3. Your Vintage Is Cool, But Won’t Sell
Resale stores are looking for trendy pieces, and your vintage pinafore might fit into what’s stylish this season. But it still won’t sell because these shops are looking for contemporary versions.
"While we may buy some vintage Levi’s jeans in the right cut and fit, which are currently trending ‘as new’, we do not buy that amazing ’60s embroidered dress, no matter how great the condition it is," Heintz confirms.
4. Wash Your Items First
You probably have some great pieces that buyers truly want to take off of your hands. What might stop them, though, are items that are in off-putting conditions.
"Sometimes a lot of wrinkles in a great silk blouse may be a reason we pass on the item, as well as a small stain on a great white shirt," Heintz says. "Freshly laundered clothing is always best! Remember; once we buy the item from our customer it immediately makes it’s way to the sales floor so we are taking that into consideration when we buy."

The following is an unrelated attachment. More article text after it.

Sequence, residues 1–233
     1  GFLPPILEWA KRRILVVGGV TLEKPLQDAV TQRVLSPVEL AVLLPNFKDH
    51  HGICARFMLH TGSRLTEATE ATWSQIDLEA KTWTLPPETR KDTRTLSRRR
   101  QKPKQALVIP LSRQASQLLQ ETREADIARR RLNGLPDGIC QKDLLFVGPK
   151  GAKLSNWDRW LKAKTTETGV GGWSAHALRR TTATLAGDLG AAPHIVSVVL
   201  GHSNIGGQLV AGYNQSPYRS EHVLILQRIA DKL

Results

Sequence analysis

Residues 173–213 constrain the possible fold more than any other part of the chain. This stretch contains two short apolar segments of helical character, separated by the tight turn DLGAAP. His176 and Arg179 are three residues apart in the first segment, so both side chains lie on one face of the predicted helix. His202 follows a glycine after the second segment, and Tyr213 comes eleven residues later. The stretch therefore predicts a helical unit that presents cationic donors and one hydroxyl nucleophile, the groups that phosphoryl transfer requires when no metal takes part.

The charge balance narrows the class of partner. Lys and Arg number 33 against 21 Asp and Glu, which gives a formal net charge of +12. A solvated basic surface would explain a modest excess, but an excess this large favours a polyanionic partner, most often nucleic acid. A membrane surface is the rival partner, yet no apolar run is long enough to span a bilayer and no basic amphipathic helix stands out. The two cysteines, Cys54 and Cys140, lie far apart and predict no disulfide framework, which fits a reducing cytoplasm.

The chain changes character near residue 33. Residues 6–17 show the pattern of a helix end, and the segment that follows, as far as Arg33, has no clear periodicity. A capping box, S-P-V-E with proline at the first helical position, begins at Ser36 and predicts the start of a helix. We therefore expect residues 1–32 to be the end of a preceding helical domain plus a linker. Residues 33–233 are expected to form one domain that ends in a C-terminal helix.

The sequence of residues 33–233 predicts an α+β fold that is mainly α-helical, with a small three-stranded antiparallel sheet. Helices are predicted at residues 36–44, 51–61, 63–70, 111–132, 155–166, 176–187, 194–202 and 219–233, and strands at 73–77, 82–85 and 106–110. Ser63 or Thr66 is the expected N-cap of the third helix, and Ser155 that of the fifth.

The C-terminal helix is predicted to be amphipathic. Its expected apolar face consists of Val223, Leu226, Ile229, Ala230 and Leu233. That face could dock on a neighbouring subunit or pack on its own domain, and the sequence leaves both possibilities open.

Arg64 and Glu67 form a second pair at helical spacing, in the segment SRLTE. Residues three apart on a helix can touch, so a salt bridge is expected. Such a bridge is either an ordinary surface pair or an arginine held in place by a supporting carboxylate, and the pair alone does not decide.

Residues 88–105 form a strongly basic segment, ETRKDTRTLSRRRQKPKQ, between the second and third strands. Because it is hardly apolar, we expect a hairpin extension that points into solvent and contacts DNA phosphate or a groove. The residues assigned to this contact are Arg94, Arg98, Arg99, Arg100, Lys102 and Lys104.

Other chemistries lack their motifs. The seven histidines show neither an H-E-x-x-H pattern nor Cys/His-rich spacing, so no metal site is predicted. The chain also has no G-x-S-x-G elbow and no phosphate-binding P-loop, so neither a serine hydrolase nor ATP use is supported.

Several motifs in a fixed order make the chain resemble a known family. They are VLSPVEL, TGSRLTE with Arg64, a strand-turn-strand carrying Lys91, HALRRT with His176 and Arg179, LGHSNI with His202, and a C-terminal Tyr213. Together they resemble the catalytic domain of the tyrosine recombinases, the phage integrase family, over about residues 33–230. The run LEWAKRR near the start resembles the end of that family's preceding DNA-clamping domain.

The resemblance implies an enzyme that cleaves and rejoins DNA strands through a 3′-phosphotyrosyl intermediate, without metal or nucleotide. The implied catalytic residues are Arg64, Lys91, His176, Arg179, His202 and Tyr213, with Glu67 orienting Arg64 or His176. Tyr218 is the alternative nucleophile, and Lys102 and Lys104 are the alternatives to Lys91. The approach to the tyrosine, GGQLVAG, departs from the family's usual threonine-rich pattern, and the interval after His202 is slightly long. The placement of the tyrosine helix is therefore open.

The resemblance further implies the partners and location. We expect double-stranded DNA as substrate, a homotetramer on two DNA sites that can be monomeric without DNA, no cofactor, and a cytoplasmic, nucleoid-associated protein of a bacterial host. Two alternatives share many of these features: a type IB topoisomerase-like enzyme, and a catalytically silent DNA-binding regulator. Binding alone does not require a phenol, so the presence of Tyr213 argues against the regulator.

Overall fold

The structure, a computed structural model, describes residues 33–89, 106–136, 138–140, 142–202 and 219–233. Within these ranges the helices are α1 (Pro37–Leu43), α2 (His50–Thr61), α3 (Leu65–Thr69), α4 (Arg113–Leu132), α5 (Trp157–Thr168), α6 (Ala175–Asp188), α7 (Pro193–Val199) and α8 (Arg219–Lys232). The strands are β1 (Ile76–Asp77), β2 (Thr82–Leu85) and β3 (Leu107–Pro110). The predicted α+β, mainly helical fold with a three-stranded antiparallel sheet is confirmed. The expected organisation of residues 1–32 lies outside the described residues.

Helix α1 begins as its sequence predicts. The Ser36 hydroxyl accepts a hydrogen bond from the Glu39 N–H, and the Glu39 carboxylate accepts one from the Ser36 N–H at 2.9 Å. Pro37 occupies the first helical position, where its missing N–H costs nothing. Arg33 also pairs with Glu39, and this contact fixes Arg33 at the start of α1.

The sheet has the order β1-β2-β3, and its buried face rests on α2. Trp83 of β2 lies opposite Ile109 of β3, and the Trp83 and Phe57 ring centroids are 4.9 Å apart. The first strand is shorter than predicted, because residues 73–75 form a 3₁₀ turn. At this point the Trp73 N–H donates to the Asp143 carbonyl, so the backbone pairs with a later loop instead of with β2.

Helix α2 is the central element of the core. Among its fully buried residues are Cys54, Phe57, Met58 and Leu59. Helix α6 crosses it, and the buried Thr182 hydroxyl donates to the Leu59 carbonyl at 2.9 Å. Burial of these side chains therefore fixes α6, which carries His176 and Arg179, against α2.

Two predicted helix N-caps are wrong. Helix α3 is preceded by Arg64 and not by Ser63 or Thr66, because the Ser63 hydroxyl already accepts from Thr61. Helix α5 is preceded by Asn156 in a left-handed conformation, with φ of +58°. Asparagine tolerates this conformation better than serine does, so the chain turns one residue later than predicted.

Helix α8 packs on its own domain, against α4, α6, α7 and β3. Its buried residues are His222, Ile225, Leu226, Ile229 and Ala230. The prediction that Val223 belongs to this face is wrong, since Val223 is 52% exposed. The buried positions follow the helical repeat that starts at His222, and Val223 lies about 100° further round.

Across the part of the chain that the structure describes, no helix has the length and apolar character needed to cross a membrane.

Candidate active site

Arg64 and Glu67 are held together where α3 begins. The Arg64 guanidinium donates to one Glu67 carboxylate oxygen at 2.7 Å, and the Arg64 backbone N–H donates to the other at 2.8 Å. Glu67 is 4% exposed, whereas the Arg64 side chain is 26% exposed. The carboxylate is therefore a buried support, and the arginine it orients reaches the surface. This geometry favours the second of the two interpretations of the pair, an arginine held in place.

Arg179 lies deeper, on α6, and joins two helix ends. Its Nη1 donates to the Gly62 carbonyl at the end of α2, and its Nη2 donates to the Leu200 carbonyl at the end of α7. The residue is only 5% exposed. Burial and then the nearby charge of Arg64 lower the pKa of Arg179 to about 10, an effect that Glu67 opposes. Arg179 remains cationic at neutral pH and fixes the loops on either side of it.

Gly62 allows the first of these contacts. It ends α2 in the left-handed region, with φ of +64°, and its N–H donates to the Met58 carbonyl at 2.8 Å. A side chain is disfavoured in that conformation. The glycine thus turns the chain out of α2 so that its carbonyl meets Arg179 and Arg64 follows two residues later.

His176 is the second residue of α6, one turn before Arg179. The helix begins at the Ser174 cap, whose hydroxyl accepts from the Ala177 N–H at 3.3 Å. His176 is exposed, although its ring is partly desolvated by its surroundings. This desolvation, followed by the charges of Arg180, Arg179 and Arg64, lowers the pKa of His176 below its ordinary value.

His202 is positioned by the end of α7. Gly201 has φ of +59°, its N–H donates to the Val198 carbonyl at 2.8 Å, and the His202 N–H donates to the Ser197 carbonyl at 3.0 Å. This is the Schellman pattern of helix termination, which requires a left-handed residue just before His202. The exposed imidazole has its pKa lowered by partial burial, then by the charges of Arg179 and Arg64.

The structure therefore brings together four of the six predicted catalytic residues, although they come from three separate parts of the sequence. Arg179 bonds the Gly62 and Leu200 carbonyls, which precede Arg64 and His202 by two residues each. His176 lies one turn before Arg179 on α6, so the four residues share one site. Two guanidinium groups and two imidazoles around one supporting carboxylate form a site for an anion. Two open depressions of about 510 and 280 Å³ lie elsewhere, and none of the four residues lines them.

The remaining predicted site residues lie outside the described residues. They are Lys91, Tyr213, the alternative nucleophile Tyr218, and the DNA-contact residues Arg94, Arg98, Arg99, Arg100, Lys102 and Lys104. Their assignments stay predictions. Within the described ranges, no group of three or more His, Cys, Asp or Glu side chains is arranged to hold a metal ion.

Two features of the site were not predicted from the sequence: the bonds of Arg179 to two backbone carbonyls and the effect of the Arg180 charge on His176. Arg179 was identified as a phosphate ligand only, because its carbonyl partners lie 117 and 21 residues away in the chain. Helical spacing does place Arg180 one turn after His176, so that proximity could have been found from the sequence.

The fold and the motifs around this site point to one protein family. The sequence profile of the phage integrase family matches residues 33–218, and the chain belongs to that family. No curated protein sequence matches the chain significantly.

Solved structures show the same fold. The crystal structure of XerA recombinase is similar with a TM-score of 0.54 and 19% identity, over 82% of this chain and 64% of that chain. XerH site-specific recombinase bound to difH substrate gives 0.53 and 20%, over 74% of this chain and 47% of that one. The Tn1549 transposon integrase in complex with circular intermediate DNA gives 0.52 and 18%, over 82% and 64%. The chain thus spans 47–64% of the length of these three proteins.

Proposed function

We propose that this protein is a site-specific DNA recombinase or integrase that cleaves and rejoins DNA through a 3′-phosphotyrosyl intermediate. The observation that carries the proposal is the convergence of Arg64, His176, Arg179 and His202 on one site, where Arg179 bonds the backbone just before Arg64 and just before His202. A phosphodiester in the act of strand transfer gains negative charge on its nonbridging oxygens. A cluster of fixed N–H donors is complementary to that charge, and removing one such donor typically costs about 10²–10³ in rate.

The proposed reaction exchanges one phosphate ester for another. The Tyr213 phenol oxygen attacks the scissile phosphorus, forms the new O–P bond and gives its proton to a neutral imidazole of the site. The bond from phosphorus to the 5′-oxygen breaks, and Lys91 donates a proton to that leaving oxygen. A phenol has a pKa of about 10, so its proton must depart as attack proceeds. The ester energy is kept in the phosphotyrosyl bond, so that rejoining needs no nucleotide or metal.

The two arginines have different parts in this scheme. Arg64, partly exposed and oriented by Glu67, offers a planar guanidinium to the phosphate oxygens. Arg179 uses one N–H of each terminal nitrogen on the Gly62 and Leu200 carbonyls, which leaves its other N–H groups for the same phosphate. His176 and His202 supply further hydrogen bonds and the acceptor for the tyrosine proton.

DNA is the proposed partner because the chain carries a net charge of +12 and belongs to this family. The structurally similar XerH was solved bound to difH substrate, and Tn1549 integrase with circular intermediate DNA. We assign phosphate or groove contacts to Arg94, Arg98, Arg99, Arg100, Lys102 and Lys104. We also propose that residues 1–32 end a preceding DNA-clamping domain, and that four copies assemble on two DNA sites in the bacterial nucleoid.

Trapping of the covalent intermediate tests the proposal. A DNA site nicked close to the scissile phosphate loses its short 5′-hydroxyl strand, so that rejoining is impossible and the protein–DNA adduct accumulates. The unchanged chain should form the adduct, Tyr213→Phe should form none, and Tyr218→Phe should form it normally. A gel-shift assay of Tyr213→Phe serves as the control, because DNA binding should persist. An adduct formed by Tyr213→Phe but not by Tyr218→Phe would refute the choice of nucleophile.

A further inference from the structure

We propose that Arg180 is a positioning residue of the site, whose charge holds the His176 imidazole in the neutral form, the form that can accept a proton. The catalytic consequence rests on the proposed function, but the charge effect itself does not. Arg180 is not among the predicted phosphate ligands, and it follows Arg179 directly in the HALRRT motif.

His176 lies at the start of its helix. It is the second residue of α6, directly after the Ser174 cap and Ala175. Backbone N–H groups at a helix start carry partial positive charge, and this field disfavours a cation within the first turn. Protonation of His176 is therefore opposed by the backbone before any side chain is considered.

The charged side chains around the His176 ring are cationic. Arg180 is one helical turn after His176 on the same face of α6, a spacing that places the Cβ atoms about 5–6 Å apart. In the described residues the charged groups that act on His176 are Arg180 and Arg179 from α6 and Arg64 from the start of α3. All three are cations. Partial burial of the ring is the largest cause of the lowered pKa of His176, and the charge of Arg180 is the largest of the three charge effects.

5. Items With Tags Help
When you bought a dress that haven’t worn and want to resell it, don’t rip off the tag before you bring it in. According to Henitz, pieces with tags have a higher retail cost.
6. Your Budget-Blowing Items Sell The Best
Not surprisingly, your luxury goods sell the best in resale shops. Everyone wants a real leather jacket or a Chanel purse, but no one wants to pay full price. "Often the items with the highest resale value have one or more of the following: new with tags, designer labels like Chanel, Louis Vuitton, Gucci, Celine, or Givenchy, and desirable pieces like a leather jacket or leather handbag," Heintz says.
Don’t worry, though. You won’t get $20 for your Coach bag. "Typically we will consign these types of pieces at higher price points, and that means the customer is able to gain more payout for it. Consignment payout is 50 percent or more depending on the price!" Heintz explains.
7. Don’t Give Up With A Piece That Didn’t Sell
Just because your faux-leather jacket didn’t sell doesn’t mean it won’t bring in money. The shop you went to just might be overstocked with that particular style. "We always base our buying decisions on what our customers are currently shopping for and what we currently have on our racks. If we’re overstocked on a certain style or it’s just not selling that quickly in our store, we may hold off on it," Aarian, a buyer at Buffalo Exchange, tells Bustle. "Our inventory needs change on a weekly and sometimes daily basis, so we always encourage sellers to bring in any clothing and accessories they’re cleaning out!"